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Henry David Thoreau, 1817-1862
Nature mystic, Writer, Poet
What lies behind us and what lies ahead of us are tiny matters compared to what lives within us.
Henry David Thoreau
Henry David Thoreau was born on July 12, 1817 in Concord, Massachusetts. He had two brothers and one sister. He graduated from Harvard University and began his Journal writings that were a primary source for his lectures and published work throughout his life.
Thoreau at five was taken by his parents to Walden Pond, and this area must be charged by special devas because something was impressed on him that he remembered so that later in his life he knew that this, of all the places on earth, was an area that was to be a sanctuary of enlightenment to him, and to it he returned.
Reverend Flower A. Newhouse, The Inner Side of Nature
Thoreau was a dedicated, self-taught naturalist, who disciplined himself to observe the natural phenomena around Concord systematically and to record his observations almost daily in his Journal. The Journal contains initial formulations of ideas and descriptions that appear in Thoreau's lectures, essays, and books. Thoreau's observations of nature enrich all of his work, even his essays on political topics. Images and comparisons based on his studies of animal behavior, of the life cycles of plants, and of the features of the changing seasons illustrate and enliven the ideas he puts forth in his first book, Walden. He used the four seasons to symbolize human development, and to explore Nature's simplicity, beauty, and harmony as models for social and cultural justice.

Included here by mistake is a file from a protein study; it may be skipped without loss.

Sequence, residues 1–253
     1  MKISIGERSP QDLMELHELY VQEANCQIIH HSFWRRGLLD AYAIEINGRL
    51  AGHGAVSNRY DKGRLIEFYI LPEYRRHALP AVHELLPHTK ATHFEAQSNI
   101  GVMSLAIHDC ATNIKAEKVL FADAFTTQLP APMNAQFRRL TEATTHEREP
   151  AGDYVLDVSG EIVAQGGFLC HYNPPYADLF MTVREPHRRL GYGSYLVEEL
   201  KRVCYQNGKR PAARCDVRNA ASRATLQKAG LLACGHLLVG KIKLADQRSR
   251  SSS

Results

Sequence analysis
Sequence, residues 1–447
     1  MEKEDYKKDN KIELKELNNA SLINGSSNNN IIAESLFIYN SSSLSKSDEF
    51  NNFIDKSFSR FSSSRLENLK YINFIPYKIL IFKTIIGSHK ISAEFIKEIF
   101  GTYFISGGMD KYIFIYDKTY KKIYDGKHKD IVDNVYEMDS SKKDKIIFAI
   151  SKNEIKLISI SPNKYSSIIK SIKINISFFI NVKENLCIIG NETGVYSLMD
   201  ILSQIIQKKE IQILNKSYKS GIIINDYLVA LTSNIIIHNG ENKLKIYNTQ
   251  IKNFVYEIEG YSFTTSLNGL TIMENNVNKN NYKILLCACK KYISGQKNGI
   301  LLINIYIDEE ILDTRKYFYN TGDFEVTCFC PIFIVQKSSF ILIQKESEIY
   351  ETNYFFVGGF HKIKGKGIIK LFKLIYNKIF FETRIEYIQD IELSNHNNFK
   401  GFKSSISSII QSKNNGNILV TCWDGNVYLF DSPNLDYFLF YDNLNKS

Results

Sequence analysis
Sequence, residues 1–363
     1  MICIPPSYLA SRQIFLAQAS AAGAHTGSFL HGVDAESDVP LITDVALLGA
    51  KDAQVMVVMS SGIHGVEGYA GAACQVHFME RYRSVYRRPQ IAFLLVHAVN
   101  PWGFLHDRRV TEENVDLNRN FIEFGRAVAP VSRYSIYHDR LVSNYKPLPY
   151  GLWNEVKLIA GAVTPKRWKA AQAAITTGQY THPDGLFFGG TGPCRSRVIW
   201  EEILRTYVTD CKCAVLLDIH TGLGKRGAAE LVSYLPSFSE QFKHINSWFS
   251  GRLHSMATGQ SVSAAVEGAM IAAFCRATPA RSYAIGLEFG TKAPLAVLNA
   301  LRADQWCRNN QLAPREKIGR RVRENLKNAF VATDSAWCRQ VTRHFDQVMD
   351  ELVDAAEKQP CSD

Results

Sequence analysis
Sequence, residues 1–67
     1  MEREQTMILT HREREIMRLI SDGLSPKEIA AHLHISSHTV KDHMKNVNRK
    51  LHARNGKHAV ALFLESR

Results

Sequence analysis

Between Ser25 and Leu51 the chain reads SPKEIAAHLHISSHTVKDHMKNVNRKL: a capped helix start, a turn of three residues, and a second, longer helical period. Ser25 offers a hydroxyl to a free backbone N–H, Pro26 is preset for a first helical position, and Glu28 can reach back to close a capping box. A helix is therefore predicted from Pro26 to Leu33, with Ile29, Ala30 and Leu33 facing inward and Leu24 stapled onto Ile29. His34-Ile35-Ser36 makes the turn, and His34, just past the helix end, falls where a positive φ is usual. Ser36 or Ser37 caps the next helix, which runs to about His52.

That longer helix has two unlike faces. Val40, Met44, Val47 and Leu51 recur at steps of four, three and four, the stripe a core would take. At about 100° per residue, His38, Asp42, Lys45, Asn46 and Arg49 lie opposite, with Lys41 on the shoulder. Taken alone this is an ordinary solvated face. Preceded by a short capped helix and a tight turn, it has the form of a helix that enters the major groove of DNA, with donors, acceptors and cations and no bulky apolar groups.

Flower has shared that Thoreau was often seen as a loner, but he did have Emerson as a great friend. Emerson had been a close pupil of Plato when he was in Greece. Thoreau had also had a past life in Greece during that golden period, yet he liked Aristotle even better than Plato.
So you can see how his mind worked in this last incarnation. He would go into the woods at Walden Pond and more like Aristotle he would make a practical application to using the great facets of observation and penetration into the heart of nature. He was of course a nature being who had had several lives as a human being. That is why he loved nature so much, it was his temple, it was his religion, it was his way and his altar.
Reverend Flower A. Newhouse, Reasons Behind Man's Will to Incarnate